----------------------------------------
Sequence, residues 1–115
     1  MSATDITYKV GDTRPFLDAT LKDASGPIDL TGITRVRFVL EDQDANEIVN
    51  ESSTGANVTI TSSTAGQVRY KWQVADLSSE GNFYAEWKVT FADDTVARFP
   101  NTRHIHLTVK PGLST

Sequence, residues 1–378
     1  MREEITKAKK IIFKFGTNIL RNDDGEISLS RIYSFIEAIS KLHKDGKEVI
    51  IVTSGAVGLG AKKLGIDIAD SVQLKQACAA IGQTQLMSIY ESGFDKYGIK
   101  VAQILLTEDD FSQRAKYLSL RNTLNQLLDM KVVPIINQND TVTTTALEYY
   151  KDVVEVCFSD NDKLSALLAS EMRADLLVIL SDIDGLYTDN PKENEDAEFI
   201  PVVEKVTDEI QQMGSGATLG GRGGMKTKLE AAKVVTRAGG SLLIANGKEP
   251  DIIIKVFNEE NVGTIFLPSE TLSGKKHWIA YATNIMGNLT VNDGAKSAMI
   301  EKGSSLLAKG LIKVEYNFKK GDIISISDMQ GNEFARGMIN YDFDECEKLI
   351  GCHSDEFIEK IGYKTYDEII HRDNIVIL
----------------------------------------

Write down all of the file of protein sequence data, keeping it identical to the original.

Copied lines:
Sequence, residues 1–115
     1  MSATDITYKV GDTRPFLDAT LKDASGPIDL TGITRVRFVL EDQDANEIVN
    51  ESSTGANVTI TSSTAGQVRY KWQVADLSSE GNFYAEWKVT FADDTVARFP
   101  NTRHIHLTVK PGLST

Sequence, residues 1–378
     1  MREEITKAKK IIFKFGTNIL RNDDGEISLS RIYSFIEAIS KLHKDGKEVI
    51  IVTSGAVGLG AKKLGIDIAD SVQLKQACAA IGQTQLMSIY ESGFDKYGIK
   101  VAQILLTEDD FSQRAKYLSL RNTLNQLLDM KVVPIINQND TVTTTALEYY
   151  KDVVEVCFSD NDKLSALLAS EMRADLLVIL SDIDGLYTDN PKENEDAEFI
   201  PVVEKVTDEI QQMGSGATLG GRGGMKTKLE AAKVVTRAGG SLLIANGKEP
   251  DIIIKVFNEE NVGTIFLPSE TLSGKKHWIA YATNIMGNLT VNDGAKSAMI
   301  EKGSSLLAKG LIKVEYNFKK GDIISISDMQ GNEFARGMIN YDFDECEKLI
   351  GCHSDEFIEK IGYKTYDEII HRDNIVIL